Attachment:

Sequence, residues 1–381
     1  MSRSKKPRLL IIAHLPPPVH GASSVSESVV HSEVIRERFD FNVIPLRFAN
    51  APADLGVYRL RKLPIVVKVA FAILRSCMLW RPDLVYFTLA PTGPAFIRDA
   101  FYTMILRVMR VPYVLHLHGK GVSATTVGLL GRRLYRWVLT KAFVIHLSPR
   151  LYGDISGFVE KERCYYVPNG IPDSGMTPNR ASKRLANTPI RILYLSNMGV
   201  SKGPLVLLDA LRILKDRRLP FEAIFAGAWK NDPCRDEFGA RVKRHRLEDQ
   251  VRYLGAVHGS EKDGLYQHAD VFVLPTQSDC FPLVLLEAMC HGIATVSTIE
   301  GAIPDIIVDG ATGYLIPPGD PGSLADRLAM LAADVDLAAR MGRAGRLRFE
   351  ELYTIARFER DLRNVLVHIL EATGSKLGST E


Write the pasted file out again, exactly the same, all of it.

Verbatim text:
Sequence, residues 1–381
     1  MSRSKKPRLL IIAHLPPPVH GASSVSESVV HSEVIRERFD FNVIPLRFAN
    51  APADLGVYRL RKLPIVVKVA FAILRSCMLW RPDLVYFTLA PTGPAFIRDA
   101  FYTMILRVMR VPYVLHLHGK GVSATTVGLL GRRLYRWVLT KAFVIHLSPR
   151  LYGDISGFVE KERCYYVPNG IPDSGMTPNR ASKRLANTPI RILYLSNMGV
   201  SKGPLVLLDA LRILKDRRLP FEAIFAGAWK NDPCRDEFGA RVKRHRLEDQ
   251  VRYLGAVHGS EKDGLYQHAD VFVLPTQSDC FPLVLLEAMC HGIATVSTIE
   301  GAIPDIIVDG ATGYLIPPGD PGSLADRLAM LAADVDLAAR MGRAGRLRFE
   351  ELYTIARFER DLRNVLVHIL EATGSKLGST E